THE company responsible for supporting asylum seekers in Scotland has been criticised after a human skull-shaped object was left in one of its vans.

Mears was awarded a £1 billion housing and support contract by the Home Office in 2019. Since then, serious questions have been asked about its performance.

Hundreds of people were moved from private flats into Glasgow hotels during the pandemic in what was described as a health protection measure. One of them, Syrian torture survivor Adnan Olbeh, was found dead in his room. Another, Badreddin Abadlla Adam from Sudan, was shot dead by police after attacking residents and staff with a knife at the Park Inn last July. Meanwhile, Ugandan mother Mercy Baguma was found dead in her housing association flat after it was decided to move her into the care of Mears. Her toddler son Adriel survived after hospital treatment.

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More than 200 people remain in hotels even now as a result of what Mears says is a lack of appropriate housing stock in the city. A temporary suspension of the dispersal of newly-arrived asylum seekers to Glasgow was negotiated by council bosses last year until the accommodation situation is resolved. Council leader Susan Aitken has now told the BBC that could last for years.

Mears carries out a range of services including house building, facilities management and maintenance, as well as being a Home Office contractor but it is the latter role that it is perhaps best known for in Glasgow, where a liveried van was spotted with an item resembling a human skull on its dashboard. The vehicle was parked up in the city’s Baillieston district, where it was seen by an asylum seeker with a history of trauma.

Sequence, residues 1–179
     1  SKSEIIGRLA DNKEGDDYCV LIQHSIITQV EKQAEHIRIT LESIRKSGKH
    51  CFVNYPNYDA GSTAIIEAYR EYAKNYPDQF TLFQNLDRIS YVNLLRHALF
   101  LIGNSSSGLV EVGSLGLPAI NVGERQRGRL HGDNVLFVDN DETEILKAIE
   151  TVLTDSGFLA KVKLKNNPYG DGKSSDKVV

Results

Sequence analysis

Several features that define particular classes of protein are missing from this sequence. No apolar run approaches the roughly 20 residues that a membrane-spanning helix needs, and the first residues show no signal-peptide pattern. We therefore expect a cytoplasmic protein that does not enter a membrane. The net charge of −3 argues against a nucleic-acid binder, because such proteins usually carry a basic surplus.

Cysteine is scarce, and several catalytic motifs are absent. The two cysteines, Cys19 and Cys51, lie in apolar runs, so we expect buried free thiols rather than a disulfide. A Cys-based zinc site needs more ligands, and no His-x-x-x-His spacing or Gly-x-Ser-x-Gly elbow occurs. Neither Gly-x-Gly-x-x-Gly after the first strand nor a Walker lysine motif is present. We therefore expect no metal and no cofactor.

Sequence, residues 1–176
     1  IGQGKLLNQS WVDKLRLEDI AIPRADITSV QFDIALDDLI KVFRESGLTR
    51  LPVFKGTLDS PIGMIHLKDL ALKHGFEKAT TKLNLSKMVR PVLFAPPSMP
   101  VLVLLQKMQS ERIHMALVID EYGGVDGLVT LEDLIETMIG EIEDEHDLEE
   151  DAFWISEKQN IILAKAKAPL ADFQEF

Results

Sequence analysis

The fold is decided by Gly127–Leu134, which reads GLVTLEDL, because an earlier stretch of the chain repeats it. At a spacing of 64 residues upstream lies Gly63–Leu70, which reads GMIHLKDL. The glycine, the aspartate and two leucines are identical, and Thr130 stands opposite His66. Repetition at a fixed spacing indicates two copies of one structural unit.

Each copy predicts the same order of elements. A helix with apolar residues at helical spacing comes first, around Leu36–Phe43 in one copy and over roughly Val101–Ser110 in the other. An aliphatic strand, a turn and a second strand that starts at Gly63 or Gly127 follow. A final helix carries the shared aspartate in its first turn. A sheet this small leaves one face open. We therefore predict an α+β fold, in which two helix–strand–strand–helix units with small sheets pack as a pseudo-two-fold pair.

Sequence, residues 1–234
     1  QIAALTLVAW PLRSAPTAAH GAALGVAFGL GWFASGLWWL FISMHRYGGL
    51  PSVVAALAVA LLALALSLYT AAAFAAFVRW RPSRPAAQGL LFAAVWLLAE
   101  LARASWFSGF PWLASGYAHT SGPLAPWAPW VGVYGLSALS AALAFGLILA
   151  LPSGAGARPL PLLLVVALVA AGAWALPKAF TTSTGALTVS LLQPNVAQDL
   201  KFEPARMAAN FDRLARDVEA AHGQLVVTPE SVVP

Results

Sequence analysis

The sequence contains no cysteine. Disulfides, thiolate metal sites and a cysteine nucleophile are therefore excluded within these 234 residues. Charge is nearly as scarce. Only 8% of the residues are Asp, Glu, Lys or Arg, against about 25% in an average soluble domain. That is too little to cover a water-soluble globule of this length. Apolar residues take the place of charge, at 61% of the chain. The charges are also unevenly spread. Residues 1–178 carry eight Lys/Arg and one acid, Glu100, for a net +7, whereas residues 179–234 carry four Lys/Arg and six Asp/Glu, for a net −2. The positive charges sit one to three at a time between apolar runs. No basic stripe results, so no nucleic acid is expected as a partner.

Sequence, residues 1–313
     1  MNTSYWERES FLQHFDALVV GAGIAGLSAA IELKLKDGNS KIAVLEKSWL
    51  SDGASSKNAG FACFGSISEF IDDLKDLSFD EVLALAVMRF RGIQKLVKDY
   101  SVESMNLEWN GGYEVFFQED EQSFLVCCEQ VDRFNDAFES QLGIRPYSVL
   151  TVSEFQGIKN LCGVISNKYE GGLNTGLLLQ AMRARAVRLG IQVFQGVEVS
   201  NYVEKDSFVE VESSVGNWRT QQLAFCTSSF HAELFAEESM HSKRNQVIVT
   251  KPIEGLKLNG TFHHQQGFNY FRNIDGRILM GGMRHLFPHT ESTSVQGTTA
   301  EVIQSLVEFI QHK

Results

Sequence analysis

He sent these images to The National on the condition that we did not reveal his identity as he continues through the asylum process – something that can take many years.

The man was a hotel resident at the time of the Park Inn attack and knew Olbeh. He said the sighting gave him “haunting flashbacks” of those incidents and said of Mears: “What are they trying to tell us as people who are fleeing the danger of death? We are trying to forget past traumas.

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“How come a van in official use can display a skull? It is unbelievable. What is the place of this in asylum housing and welfare? To what kind of people’s hands were we entrusted?”

A Mears spokesperson said: “Mears have undertaken an urgent investigation this afternoon. This was a personal item left in a vehicle by a staff member, who has been advised that it is not appropriate. The item has been located and removed. Mears apologise for any upset the item has caused.”

The company says the vehicle is not used in connection with the provision of asylum accommodation and support.

On the company’s health and welfare performance its regional head of operations Steve Robbins told the BBC: “To be judged on anything over the last year, is did you keep people safe? And I can categorically say we did.”